This peculiar magnetic field dependence is qualitatively explained by the critical field Bc of superconducting thin film, whose coherence length and penetration length are sufficiently longer than film thickness d (41, 42). The theoretical indication of Bc ≈ 1/d means that the critical field becomes half when the film thickness becomes twice. This can be applied to a superconducting wire when the magnetic field is perpendicular to the direction of the wire. As a result, when the Cooper pair spreads over both NWs in the CPS contribution, the critical field becomes half compared with that for the LPT contribution, in which the Cooper pairs are localized in either of the NWs. Therefore, the magnetic field dependence observed for Isw(2,2) and Isw(2,0) + Isw(0,2) supports the idea that the enhancement in Isw(2,2) originates from the CPS, such that the two electrons of the Cooper pair split into two NWs.

CONCLUSION

In summary, we examined CPS and LPT in a ballistic InAs DNW using a Josephson junction. We observed a large CPS efficiency for the DNW due to suppression of LPT into the respective NWs resulting from 1D e-e interaction. The CPS efficiency is tunable by adjusting the gate voltages and can well exceed 50% for narrow NW channels. In addition, the interwire superconducting gap is greater than the intrawire one when each NW has a single channel. These results suggest that the InAs DNW coupled to a superconductor can hold time-reversal invariant topological superconductivity and Majorana Kramers pairs at the edges with no magnetic field. Our results pave the way for the utilization of 1D e-e interaction to reveal the physics of high-efficiency CPS and to engineer MFs in DNW systems coupled to a superconductor via CPS.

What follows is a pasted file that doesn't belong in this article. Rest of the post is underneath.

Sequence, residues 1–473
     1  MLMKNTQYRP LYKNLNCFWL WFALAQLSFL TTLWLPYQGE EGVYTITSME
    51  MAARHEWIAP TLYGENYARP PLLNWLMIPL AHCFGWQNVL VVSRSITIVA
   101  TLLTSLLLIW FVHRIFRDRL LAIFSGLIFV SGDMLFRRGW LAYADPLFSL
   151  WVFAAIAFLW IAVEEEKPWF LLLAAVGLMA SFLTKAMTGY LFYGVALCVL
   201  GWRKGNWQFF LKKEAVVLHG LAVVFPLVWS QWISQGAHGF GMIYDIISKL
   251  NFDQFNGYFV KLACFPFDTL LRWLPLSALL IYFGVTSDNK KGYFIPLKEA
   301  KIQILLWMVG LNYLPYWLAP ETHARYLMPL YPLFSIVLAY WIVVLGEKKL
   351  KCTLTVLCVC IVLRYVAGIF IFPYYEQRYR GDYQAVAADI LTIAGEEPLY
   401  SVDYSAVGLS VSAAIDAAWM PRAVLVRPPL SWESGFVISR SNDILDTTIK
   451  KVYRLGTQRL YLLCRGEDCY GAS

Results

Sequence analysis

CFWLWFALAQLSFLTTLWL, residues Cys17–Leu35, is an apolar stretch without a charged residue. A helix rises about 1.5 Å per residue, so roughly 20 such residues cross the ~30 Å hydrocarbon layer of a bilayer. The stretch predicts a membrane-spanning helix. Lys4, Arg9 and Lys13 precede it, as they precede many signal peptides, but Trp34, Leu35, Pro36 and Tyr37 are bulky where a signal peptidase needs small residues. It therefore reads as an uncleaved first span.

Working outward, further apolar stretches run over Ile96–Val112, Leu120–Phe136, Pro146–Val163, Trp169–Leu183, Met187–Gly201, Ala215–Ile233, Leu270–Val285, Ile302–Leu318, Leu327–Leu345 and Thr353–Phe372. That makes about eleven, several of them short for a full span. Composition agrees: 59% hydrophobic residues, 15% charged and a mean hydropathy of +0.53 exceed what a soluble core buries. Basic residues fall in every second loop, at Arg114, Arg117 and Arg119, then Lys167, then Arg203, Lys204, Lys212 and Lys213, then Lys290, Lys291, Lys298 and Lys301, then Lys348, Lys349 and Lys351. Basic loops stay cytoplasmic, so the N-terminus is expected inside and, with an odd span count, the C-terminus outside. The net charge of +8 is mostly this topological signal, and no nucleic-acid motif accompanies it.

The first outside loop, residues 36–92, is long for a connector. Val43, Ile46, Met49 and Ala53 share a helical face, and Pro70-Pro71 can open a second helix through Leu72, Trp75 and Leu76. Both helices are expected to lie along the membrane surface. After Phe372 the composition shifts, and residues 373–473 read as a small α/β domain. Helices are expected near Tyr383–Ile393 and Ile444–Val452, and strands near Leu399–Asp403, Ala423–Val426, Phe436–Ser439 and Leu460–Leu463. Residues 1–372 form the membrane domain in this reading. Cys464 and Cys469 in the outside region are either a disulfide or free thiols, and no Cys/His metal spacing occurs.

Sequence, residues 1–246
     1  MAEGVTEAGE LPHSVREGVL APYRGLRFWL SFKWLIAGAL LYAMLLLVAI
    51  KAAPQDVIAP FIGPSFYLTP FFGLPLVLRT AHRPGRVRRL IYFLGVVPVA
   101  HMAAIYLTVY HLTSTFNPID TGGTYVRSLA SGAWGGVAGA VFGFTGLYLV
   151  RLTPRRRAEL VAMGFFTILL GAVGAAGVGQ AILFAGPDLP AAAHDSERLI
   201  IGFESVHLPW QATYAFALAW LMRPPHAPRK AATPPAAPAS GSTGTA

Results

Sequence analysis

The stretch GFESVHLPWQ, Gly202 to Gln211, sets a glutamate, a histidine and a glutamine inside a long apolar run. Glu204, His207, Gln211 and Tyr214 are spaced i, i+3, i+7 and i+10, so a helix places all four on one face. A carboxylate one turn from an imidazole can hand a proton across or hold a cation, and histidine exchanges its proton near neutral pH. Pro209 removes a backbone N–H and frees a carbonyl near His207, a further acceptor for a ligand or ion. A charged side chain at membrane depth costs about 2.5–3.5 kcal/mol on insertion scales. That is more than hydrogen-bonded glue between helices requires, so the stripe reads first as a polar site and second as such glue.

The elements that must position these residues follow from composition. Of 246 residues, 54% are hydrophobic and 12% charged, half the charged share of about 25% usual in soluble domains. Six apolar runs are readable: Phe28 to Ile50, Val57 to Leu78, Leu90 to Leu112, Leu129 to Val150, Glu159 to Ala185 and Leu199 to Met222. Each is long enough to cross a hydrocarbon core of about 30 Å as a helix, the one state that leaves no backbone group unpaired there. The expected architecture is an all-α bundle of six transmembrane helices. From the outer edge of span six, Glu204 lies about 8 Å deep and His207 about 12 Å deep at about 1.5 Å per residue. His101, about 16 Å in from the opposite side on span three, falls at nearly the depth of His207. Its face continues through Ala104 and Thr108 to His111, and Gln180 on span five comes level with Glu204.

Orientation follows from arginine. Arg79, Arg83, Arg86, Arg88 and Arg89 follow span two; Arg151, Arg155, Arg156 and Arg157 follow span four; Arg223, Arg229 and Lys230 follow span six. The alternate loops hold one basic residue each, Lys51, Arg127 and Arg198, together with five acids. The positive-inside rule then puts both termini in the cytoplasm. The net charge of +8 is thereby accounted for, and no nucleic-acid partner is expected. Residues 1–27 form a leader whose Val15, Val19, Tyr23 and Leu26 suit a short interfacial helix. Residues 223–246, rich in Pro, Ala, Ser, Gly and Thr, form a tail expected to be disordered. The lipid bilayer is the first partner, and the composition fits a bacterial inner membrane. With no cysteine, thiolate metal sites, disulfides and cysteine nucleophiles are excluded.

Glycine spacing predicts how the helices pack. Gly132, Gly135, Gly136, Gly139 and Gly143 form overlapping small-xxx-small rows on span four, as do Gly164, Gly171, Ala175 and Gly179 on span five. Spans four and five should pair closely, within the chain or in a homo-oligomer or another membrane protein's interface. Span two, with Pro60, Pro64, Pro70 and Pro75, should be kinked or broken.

MATERIALS AND METHODS

The InAs NWs have a diameter of approximately 80 nm and were grown by chemical beam epitaxy. We transferred the NWs on the growth substrate onto an Si substrate covered by a 280-nm-thick SiO2 film and selected closely spaced parallel DNWs to make Al-DNW-Al junctions. We made a polymethyl methacrylate pattern of the Al electrodes using electron beam lithography and performed a NW surface treatment before evaporating Ti (1 nm)/Al (100 nm): reactive ion etching to remove the polymethyl methacrylate residue and sulfur passivation to remove the surface oxide (see note S1 and figs. S1 and S2). For the fabrication of the gate structure, we grew a 40-nm-thick Al2O3 layer by atomic layer deposition and fabricated the gate electrodes of Ti (5 nm)/Au (150 nm).

SUPPLEMENTARY MATERIALS

Supplementary material for this article is available at http://advances.sciencemag.org/cgi/content/full/5/10/eaaw2194/DC1

Fig. S1. Atomic force microscopy images of the nanowires before deposition of Al contact electrodes.

Fig. S2. SEM image of a device similar to the one measured but before depositing the top gate electrodes.

Fig. S3. Differential conductance (G) properties of the Al-InAs DNW-Al junction device.

Fig. S4. Differential conductance G against Vsd measured at B = 0 T for a bias point on the respective plateau of (m, n).